Even with record production from our mills, we still ended the quarter with weeks of containerboard inventory supply below our historical levels due to demand needs from both internal and external customers. We will be attempting to build some much needed inventory during the third quarter ahead of the significant fourth quarter outage at the Jackson, Alabama mill for the first phase of the number three machine conversion to virgin linerboard.

We’re still experiencing significant inflationary headwinds in our operating costs, as well as freight and logistics expenses. However, our mills and plans continue to do an outstanding job of meeting our customers’ needs, while delivering on numerous cost reduction initiatives, efficiency improvements, integration and optimization enhancements and capital project benefits to maximize our returns and margins.

I’ll now turn it over to Tom, who will provide further details on the containerboard sales and our corrugating business.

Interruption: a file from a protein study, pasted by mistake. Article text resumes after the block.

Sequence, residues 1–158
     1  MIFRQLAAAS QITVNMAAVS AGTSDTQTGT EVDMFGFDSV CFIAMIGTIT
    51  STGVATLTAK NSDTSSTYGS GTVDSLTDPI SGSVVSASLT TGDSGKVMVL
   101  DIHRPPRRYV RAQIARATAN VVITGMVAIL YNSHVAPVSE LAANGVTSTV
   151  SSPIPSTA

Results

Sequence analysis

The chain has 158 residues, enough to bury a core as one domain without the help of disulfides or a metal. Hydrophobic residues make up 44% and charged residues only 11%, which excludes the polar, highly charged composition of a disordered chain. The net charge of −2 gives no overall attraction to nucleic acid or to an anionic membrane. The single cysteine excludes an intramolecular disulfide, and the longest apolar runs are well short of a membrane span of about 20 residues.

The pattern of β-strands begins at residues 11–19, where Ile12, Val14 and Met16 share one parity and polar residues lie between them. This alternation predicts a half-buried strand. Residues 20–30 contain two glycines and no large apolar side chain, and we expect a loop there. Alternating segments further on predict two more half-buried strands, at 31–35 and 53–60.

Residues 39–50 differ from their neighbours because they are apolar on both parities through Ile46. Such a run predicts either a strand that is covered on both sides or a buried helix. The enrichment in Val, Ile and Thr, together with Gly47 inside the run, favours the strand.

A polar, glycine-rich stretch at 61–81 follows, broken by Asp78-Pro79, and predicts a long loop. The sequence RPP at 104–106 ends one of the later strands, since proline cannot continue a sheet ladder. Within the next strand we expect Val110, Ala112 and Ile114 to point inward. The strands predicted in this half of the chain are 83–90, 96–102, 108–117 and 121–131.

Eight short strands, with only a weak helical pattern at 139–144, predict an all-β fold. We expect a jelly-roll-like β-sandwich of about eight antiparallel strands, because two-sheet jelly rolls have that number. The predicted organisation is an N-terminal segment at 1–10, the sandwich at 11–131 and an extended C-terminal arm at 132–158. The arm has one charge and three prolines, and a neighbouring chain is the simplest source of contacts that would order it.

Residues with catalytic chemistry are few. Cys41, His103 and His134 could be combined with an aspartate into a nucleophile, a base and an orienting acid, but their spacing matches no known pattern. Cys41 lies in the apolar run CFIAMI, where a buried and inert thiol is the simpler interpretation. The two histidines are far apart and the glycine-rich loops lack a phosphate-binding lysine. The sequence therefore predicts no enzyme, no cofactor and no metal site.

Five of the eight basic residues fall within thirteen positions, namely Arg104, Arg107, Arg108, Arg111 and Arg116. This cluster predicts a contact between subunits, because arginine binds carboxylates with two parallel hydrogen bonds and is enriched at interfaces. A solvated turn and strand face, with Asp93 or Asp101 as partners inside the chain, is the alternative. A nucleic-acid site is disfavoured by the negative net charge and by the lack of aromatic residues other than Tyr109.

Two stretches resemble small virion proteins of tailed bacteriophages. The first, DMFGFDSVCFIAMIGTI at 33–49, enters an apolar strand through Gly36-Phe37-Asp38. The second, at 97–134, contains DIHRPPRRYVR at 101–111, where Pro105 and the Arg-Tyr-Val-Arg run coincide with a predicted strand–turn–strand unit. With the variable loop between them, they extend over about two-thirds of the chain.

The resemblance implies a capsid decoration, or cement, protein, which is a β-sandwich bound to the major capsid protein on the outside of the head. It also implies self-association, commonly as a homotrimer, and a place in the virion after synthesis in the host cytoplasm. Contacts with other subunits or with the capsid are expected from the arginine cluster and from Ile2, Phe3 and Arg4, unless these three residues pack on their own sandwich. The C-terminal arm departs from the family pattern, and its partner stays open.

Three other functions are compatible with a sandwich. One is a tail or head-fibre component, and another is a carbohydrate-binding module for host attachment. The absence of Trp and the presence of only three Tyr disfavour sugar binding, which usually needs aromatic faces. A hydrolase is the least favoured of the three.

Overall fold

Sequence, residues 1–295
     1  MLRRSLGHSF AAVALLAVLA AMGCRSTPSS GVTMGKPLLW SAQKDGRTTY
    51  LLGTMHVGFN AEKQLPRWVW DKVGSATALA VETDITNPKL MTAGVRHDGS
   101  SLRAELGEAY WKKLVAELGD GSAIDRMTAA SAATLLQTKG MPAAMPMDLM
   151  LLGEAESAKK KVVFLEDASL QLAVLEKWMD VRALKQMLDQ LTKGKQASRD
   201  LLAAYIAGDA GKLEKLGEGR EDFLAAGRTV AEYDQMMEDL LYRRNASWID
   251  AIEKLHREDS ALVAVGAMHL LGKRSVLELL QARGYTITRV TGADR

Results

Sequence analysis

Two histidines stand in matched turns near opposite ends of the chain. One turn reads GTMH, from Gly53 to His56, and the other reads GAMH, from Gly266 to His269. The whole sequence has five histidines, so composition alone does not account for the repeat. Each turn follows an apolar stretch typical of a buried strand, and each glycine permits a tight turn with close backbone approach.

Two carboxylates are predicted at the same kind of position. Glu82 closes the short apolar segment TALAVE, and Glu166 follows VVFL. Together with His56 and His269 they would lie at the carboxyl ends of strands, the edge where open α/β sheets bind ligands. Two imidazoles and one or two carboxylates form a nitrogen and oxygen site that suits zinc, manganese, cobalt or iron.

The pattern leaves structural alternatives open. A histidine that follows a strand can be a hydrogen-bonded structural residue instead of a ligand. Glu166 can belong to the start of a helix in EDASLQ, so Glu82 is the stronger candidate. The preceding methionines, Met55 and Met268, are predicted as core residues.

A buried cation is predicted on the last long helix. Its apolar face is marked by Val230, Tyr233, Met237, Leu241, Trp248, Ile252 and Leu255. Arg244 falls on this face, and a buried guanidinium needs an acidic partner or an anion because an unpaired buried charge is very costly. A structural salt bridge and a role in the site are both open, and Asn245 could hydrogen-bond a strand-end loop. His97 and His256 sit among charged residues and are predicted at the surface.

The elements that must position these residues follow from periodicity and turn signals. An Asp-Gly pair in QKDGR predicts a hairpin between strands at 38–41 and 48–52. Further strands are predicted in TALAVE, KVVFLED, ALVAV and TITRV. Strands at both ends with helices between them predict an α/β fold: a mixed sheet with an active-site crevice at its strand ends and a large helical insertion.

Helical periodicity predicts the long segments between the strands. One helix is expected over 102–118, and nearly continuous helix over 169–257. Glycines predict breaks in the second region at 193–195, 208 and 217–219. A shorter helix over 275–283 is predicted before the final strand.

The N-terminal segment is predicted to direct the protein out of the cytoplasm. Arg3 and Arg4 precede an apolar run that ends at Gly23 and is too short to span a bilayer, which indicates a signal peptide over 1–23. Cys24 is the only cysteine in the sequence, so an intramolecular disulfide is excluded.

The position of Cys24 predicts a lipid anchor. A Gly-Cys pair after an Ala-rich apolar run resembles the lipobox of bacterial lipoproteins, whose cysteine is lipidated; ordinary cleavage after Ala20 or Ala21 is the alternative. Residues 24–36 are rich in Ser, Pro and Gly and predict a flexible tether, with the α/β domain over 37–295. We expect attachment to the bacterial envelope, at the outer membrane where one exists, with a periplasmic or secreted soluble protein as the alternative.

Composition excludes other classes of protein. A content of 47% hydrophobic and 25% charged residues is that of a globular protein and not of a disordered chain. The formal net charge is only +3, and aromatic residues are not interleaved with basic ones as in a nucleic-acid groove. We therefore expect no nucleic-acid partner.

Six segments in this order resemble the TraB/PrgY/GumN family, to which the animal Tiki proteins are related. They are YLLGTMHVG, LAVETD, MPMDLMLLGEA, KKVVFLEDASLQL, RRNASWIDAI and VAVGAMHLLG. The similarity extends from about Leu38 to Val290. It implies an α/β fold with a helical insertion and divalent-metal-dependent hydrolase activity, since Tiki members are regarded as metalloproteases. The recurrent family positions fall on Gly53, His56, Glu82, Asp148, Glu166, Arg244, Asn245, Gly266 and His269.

Tom Hassfurther — Executive Vice President, Corrugated Products

Thank you, Mark. As Mark mentioned, total corrugated product shipments and shipments per day were essentially flat compared to last year’s record second quarter, which was up 9.6% versus the previous year. Outside sales volume of containerboard was about 41,000 tons above last year’s second quarter, which was our lowest outside volume quarter for 2021, but 6,000 tons below the first quarter of this year due to the lower export shipments, strong internal demand and managing through the scheduled maintenance outages at our mills.

Very good implementation of our previously announced price increases, together with profitable revenue growth and mix enhancements, delivered significant value for us during the quarter. Domestic containerboard and corrugated products prices and mix together were $1.89 per share above the second quarter of 2021 and up $0.76 per share compared to the first quarter of 2022. Export containerboard prices were up $0.15 per share versus last year’s second quarter and up slightly compared to the first quarter of 2022.